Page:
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What is the point of geoblocking IP addresses with cisco firepower or a similar service if the firewall would block the request anyway? For example, We only do business in the USA but see source IP's from Russia/Netherlands etc hitting the firewall all the time. Sometimes the IP's are part of a botnet/wannacry affiliated or other malicious sources. The firewall quickly denies these packets but what Im trying to figure out what good would geoblocking do if the IP's are being blocked by the firewall's implicit deny rule anyway?

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    " The firewall quickly denies these packets ..." - are you implying that you believe that your firewall is able to block absolutely all packets from malicious sources (without any false positives)? In this case you would drastically overestimate the capabilities of your firewall und should better believe less in the marketing material provided by the firewalls vendor. – Steffen Ullrich Mar 16 at 22:41
  • Thanks Steffen, can you give me an example of when a NGFW firewall was not able to block a malicious packet? – errMSG Mar 17 at 2:41
  • In my scenario, it is a "closed" network. It does not provide any services other than VPN and a couple of IIS services. – errMSG Mar 17 at 2:49
  • The blacklists used by a firewall to block malicious sources (not "malicious packets") are about as reliable as antivirus or blacklists for spammer IP addresses. Yes, they block a lot but they don't block all. These are curated lists based on what is seen by the creator of these list at a specific time and both don't block everything and might also block some sources which are not or no longer malicious. There is no magic going on and there central place where attackers register their current source IP before they are doing an attack so that the IP can be blocked - so errors are unavoidable. – Steffen Ullrich Mar 17 at 6:28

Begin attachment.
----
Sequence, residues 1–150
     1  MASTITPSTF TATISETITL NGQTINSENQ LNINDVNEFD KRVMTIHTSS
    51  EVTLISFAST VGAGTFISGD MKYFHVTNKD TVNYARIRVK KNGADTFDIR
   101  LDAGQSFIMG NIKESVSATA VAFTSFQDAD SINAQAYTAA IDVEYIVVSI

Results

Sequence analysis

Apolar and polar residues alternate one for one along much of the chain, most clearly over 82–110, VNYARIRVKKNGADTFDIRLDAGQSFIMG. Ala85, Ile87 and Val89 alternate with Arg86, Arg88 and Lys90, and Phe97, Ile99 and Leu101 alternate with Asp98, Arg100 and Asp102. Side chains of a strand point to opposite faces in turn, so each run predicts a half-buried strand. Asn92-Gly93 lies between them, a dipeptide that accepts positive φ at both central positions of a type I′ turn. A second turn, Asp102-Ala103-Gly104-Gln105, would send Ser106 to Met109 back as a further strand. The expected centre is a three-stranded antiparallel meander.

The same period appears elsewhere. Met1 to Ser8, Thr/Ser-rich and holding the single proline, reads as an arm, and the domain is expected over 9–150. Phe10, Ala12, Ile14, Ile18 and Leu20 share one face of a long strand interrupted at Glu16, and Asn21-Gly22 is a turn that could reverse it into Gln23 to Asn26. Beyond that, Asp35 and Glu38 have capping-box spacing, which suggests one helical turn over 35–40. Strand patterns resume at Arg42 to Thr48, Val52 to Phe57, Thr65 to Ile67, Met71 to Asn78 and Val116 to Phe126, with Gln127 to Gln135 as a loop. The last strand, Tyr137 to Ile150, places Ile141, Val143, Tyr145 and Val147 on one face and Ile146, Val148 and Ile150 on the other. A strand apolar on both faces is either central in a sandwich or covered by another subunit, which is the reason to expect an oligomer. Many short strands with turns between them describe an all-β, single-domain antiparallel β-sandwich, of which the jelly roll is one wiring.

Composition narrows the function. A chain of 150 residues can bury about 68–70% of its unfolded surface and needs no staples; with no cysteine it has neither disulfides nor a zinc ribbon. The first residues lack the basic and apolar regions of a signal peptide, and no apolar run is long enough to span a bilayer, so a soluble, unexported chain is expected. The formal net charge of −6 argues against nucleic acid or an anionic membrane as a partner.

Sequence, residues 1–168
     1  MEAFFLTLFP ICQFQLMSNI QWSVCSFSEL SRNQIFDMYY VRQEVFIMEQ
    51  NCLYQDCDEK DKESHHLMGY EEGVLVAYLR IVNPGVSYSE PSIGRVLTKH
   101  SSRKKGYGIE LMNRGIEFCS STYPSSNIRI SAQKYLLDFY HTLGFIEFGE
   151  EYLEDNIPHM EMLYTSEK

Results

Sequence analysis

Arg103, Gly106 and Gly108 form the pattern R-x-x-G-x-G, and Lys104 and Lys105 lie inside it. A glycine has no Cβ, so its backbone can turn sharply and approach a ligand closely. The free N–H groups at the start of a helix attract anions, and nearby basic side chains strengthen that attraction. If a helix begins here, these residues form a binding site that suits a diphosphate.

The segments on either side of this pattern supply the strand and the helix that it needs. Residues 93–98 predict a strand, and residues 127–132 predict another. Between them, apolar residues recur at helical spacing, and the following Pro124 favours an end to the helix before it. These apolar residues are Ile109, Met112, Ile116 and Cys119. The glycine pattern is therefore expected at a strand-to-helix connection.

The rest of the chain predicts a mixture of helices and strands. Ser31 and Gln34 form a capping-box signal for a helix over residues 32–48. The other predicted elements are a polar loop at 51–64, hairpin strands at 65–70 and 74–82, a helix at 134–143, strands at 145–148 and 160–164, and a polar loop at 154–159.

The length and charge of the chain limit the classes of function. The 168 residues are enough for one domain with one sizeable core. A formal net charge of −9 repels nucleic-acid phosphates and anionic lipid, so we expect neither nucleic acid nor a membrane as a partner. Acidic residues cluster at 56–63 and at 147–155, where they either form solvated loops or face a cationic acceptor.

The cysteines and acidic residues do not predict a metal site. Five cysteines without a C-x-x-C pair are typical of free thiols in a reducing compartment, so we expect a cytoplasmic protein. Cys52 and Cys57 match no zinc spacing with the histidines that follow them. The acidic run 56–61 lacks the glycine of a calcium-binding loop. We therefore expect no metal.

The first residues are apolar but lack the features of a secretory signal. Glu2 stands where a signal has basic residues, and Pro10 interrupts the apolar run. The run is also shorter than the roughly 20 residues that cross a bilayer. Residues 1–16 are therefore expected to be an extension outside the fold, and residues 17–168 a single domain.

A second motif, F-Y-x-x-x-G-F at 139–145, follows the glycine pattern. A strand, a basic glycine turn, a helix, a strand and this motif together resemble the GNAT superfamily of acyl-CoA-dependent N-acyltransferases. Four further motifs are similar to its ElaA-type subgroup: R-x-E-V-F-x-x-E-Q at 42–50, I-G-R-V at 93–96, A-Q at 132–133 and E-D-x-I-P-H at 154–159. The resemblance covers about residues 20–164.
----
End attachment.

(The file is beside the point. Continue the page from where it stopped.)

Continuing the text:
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  1. You may have services that you provide to the US that you do not want, or are not allowed to, provide to certain geographies. Examples: software downloads (particularly with Crypto) to countries on the federal crypto exclusion list. Video distribution to countries where you are not licensed to serve those copyrighted videos.

  2. If your web services are not used by certain countries, and those countries have a substantial quantity of attackers, by all means geoblock those countries. This is very helpful against "script kiddies" and random scans.

You are correct that blocking something that is already blocked has no purpose. Geoblocking is an additional block selectively preventing access to services you permit from some countries.

The protection geoblocking provides is imperfect. Attackers in country-A are only inconvenienced by a direct geo block and may use a jump host in country-B. Some people also use country-specific VPNs to bypass geographic video distribution restrictions. But every inconvenience you add may cause the attacker to focus elsewhere.

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  • Im not hosting any public services, this is a closed network. I only have a couple of network firewalls/routers/VPN's exposed. does that change the advice? – errMSG Mar 17 at 17:17
  • If your only public service is the VPN, and you have stateful firewalls, you have a very small ingress ACL and small set of possible vulnerabilities. In that case I’d concentrate on keeping your vpn servers patched and testing your IPv4/IPv6 VTY acls on your exposed network gear. – Darrell Root Mar 17 at 17:24

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